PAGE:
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Today's Goose Hunting Meccas

If You're Looking for Somewhere to Hunt Geese This Fall, These Destinations Won't Disappoint

Today's Goose Hunting Meccas
(Photo courtesy of WILDFOWL Magazine)

Talk to me goose! Most of you know the scene in Top Gun where Maverick asks his navigator “Goose” to help him find the target. For the last 33 years, I’ve used this phrase lightheartedly to help me find my favorite target—big numbers of geese. I have chased, scouted, called to, hunted, guided, cleaned and stuffed geese my entire adult life—5 species and 9 subspecies of geese in 25 states and 4 provinces. An obsession, or pretty darn close. And so my good friends at WILDFOWL have asked me to round up my favorite places to hunt geese in North America. First of all—I apologize if I missed your area and don’t mention your specklebellies in the timber (I’ve heard of places in the south where you can do this), these are simply what I have experienced  and can honestly talk about in my career of being a hunting guide and outdoor TV producer traveling North America, along with expert testimony from those spots.

Hunters holding dead geese
(Finding the right hot beds for geese can result in some fantastic shooting, and some fun "grip n' grins" when the shooting ends.)


The first place I hunted geese in Canada is still one of my all time favorites; Alberta. I love Alberta, not only because some of my earliest traveling memories are from there, but for the different variety of geese. Greater and lesser Canadas, white-fronts, snows, Ross’s geese—there are so many options as they migrate through. When scouting you could easily see four different species using one massive pea field. Add liberal limits, and it’s heaven on earth for an obsessed goose hunter. Good friend and goose man Rob Reynolds of Ranchland Outfitters has hunted geese here for 40 years. He loves his home province, where his family homesteaded, because of the large concentrations of new birds that migrate constantly through September through December.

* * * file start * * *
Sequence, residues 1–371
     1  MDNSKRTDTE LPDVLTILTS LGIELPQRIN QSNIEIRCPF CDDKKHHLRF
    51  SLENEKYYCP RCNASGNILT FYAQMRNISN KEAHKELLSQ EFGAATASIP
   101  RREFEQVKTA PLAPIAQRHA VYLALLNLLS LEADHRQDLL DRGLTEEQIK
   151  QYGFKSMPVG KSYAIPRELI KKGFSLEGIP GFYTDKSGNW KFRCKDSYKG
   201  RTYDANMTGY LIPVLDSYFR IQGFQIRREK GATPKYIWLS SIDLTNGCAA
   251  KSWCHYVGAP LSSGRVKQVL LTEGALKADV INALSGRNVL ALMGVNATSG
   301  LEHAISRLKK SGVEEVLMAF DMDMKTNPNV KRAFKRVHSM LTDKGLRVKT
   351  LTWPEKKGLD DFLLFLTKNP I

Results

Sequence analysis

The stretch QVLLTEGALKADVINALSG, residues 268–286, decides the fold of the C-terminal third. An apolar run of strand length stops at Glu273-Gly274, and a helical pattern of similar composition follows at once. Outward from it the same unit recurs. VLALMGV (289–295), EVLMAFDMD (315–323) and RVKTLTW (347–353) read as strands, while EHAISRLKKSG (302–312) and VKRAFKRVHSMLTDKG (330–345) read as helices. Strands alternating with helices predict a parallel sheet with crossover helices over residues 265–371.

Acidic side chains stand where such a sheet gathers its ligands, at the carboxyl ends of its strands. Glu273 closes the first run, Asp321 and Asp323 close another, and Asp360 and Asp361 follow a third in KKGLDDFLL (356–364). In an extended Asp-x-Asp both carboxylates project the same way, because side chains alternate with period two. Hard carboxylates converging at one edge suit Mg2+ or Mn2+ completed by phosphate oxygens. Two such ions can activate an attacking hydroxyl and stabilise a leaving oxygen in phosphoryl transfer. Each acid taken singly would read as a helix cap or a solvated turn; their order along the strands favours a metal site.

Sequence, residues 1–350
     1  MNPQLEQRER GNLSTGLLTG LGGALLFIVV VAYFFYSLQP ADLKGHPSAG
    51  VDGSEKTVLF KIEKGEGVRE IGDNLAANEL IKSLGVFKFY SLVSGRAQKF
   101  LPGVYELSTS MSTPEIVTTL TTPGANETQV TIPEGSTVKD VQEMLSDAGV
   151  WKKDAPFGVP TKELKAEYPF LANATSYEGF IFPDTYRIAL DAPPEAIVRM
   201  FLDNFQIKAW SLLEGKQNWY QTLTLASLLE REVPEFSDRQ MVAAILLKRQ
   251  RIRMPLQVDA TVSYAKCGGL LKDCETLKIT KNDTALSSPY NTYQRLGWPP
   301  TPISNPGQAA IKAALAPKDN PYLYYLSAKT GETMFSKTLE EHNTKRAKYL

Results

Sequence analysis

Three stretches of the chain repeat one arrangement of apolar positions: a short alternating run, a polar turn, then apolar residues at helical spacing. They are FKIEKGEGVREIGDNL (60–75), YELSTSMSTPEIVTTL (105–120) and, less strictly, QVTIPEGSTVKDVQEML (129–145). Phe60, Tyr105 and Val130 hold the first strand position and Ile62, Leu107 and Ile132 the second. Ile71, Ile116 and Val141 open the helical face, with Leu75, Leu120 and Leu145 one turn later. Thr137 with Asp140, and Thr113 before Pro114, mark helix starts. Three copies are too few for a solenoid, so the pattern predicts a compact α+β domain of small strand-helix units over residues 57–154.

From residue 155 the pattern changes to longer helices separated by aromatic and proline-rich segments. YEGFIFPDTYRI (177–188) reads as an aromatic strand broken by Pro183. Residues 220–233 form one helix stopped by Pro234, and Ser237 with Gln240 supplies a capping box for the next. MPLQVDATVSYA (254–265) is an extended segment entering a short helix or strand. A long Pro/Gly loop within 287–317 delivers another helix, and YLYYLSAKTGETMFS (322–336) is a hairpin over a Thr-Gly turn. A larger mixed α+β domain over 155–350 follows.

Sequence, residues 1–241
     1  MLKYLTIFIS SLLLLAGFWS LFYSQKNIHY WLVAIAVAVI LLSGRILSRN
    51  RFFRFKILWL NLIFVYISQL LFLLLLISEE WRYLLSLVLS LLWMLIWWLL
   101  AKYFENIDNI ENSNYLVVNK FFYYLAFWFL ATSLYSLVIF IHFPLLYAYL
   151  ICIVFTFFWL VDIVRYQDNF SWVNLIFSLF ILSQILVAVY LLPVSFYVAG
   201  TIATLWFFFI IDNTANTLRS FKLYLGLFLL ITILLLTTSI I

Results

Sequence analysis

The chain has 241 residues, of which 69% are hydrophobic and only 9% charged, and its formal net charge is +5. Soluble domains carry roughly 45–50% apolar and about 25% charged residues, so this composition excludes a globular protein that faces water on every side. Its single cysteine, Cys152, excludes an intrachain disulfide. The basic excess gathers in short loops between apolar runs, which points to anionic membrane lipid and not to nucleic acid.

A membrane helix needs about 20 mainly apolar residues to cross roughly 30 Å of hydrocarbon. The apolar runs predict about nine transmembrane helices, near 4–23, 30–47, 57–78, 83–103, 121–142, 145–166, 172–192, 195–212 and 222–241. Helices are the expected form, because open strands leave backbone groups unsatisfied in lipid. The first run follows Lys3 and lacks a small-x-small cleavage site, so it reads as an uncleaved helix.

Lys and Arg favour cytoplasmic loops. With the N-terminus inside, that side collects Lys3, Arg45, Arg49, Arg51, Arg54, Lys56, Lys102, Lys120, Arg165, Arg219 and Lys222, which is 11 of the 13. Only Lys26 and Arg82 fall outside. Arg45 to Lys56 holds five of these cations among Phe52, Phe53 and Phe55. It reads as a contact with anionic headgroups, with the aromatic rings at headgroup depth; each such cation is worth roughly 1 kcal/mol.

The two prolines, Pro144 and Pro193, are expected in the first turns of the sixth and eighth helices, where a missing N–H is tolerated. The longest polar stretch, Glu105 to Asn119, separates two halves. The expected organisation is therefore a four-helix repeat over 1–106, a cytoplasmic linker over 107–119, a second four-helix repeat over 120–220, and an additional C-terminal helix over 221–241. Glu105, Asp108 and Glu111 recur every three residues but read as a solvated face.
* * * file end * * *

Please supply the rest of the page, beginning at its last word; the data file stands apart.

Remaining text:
“When building up fat reserves on barley and peas, our geese become very predictable,” he says. These birds haven’t been hunted for months, giving you the opportunity for some incredible hunts. On one hunt we filmed, Rob had us set up on a fat, juicy pea field. We had 8 shooters and two camera guys. From the time legal shooting light started to the last volley we had killed 64 geese and 64 ducks. Here’s the kicker, it took 25 minutes! The sun wasn’t even up and we just took 128 birds. It’s just a magical place and I will continue to head north each fall.

My next favorite place to hunt geese is Saskatchewan. I’ve experienced some of the most consistent goose hunting in this province. I’ve produced several TV shows here with the episodes being some of my favorite footage captured on film. Shawn Nyholt, owner of Pro-Staff Outdoors, has been hunting geese in Saskatchewan for 40 years. He loves it. “You get the chance to hunt birds that aren’t pressured everyday. They react to calls and decoy spreads the way you expect them to. That creates the greatest of experiences,” he says.

The differences between Alberta and Saskatchewan are minimal. They have similar limits, similar species fly through. I guess the only reason I think Alberta has a slight edge is because for the first 6 weeks in Saskatchewan you can’t hunt geese in the afternoon and afternoon hunts are some of my favorite, just for the fact I can sleep in and you really can make sure your setup is perfect.


decoys in a field